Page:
EPA finalizes 2017 RFS RVOs, biofuels industry applauds rule

Written on: December 23, 2016 by ICM

Grand Forks, ND – (December 7, 2016) – On Nov. 23, the U.S. EPA released its final rule to set 2017 renewable volume obligations (RVOs) under the renewable fuel standard (RFS), along with 2018 RVOs for biomass-based diesel. The RVO for conventional fuel has been increased to meet the 15 billion gallon congressional target for conventional fuels. Overall renewable fuel volumes grow by 1.2 billion gallons from 2016 to 2017, a 6 percent increase. The rule finalizes RVOs proposed in May.
The final nested volume for total renewable fuel has been set at 19.28 billion gallons, up from a proposed volume of 18.8 billion gallons. On a percentage basis, the final standard for total renewable fuel has been set at 10.7 percent of the total transportation fuel pool, up from a proposed 10.44 percent. In 2016, the renewable fuel RVO was set at 18.11 billion gallons, or 10.10 percent.
The final 2017 RVO for advanced biofuels is set at 4.28 billion gallons, up from a proposed level of 4 billion gallons. On a percentage basis, the advanced biofuel RVO is set at 2.38 percent, up from a proposed 2.22 percent. In 2016, the advanced biofuel RVO was set at 3.61 billion gallons, or 2.01 percent.
The EPA has finalized the 2017 RVO for cellulosic biofuel at 311 million gallons, down slightly from a proposed 312 million gallons. On a percentage basis, the cellulosic RVO has been maintained at the proposed 0.173 percent. The 2016 RVO for cellulosic biofuel was set at 230 million gallons, or 0.128 percent.
The 2018 RVO for biomass-based diesel has been maintained at the proposed 2.1 billion gallons. The percentage standard has also been maintained at 1.67 percent. The 2017 RVO for biomass-based diesel was set at 2 billion gallons, or 1.59 percent.
According to the EPA, the RVO for total renewable fuel is 1.2 billion gallons, or 6 percent, higher than 2016. The advanced biofuel RVO grew by approximately 700 million gallons, while the cellulosic RVO has increased by 35 percent and the advanced biofuel RVO is up 19 percent. In addition, the 2018 RVO for biomass-based diesel is set 100 million gallons higher than the 2017 standard.
The statutory 2017 RVOs specified in the Clean Air Act call for 24 billion gallons of total renewable fuel, with the nested values for advanced biofuel, biomass-based diesel and cellulosic biofuel set at 9 billion gallons, at least 1 billion gallons and 5.5 billion gallon, respectively.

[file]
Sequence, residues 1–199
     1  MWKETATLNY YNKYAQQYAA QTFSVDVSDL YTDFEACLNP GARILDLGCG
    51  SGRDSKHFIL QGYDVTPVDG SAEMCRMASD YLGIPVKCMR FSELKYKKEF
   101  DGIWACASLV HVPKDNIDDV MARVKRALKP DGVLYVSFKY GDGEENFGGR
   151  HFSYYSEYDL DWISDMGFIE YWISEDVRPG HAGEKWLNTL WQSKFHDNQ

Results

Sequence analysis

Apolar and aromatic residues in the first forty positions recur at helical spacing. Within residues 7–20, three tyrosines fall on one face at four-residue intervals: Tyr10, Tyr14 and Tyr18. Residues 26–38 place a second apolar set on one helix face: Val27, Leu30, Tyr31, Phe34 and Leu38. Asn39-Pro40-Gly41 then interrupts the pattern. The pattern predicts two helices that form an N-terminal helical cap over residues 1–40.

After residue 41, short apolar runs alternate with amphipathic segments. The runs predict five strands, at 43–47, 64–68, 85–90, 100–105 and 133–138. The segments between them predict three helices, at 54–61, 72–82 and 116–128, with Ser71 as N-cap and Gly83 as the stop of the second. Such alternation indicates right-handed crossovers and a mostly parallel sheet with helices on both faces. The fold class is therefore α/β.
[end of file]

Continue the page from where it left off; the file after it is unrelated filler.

“Renewable fuel volumes continue to increase across the board compared to 2016 levels,” said Janet McCabe, EPA acting assistant administrator for the Office of Air and Radiation. “These final standards will boost production, providing for ambitious yet achievable growth of biofuels in the transportation sector. By implementing the program enacted by Congress, we are expanding the nation’s renewable fuels sector while reducing our reliance on imported oil.”
Within the final rule, the EPA addresses its use of the general waiver authority to reduce RVO volume below statutory levels. The agency explains that when setting the 2014-2016 RVO, it determined there was an inadequate domestic supply of total renewable fuel, and used the general waiver authority to reduce the total renewable fuel volumes further than the reductions obtained using the cellulosic water authority. The use of the general waiver authority in this way has been strongly criticized by those in the biofuel industry.
The EPA notes that it again proposed to use the general waiver authority in a similar fashion when setting the 2017 RVO for total renewable fuel, but has since changed its mind. “Based on further evaluation of the availability of renewable fuel in the market, in the interim between the [notice of proposed rulemaking (NPRM)] and this final rule, and review of public comment, EPA has determined that it is not necessary to use the general waiver authority,” said the agency in the final rule. “That is, we have determined that use of the cellulosic waiver authority alone will be sufficient to yield a volume requirement that is consistent with available supply,” … Read More
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